From around the time of the Lehman crash, we can see the impact of two distinct forces. The first – hastened by an era of austerity – was a new focus on ROI. Within the job board industry, we’d marvelled for years at the seeming inability or disinterest of the corporate market to accurately track the ROI from each element of its online recruitment spend. We’d similarly been horrified to see how job board results were allowed to be decimated by an insistence on using cumbersome online application processes to boost the efficiency of candidate screening, at the complete expense of candidate experience.
With austerity things changed. Corporate recruiters were increasingly pressured to do more for less. A focus on ROI became de rigour. For the job board industry this meant greater efforts being expended on technologies that would allow the job board itself to track the candidate interest being generated for each client. Demonstrating the value of that spend versus competitors was key to ongoing success.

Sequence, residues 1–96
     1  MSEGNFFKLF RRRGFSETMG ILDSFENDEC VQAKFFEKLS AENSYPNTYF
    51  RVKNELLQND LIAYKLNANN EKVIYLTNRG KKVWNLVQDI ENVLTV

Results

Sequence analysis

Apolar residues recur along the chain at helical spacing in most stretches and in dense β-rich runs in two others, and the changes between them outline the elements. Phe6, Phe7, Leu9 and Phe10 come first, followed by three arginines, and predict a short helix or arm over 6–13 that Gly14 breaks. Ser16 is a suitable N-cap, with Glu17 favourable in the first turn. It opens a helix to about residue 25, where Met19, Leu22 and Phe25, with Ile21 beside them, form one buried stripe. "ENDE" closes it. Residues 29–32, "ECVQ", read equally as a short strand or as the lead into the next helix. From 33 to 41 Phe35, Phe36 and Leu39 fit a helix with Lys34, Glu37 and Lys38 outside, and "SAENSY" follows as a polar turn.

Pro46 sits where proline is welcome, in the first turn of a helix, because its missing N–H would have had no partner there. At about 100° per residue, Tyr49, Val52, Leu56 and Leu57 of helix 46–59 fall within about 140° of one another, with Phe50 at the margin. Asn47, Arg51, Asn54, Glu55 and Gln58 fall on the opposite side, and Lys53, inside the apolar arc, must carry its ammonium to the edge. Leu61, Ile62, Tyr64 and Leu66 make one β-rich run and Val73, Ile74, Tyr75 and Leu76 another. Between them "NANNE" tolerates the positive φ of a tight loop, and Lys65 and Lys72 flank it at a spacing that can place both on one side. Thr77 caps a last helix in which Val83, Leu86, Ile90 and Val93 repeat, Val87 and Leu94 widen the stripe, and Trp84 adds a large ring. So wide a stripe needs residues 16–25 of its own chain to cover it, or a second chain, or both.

This period also saw the emergence of job boards’ two most ferocious competitors. On the one hand Indeed started to make serious inroads in the market, tapping into austerity with its promise of indexing and marketing jobs at little or no cost. This was particularly noticeable within the mass market recruitment sector. Whilst on the other hand LinkedIn was gaining traction in the professional hiring space. With the lure of helping corporate employers to reduce their recruitment agency spend, LinkedIn licences similarly tapped into the prevailing sentiment of austerity. Together these new players meant that job boards were no longer the default low cost option for filling corporate vacancies.
Job Board Evolution – What’s Next?
Many in the industry think that where job boards can win is i) in providing best-in-class matching technologies between candidates and vacancies; and ii) in providing a better candidate experience than competitors. In various markets job boards are also iii) extending their range of services to move up the value chain and encroaching on the types of activities that a marketing agency or recruitment agency would typically have provided. For some boards this third approach will also see them able to thrive in a changing market.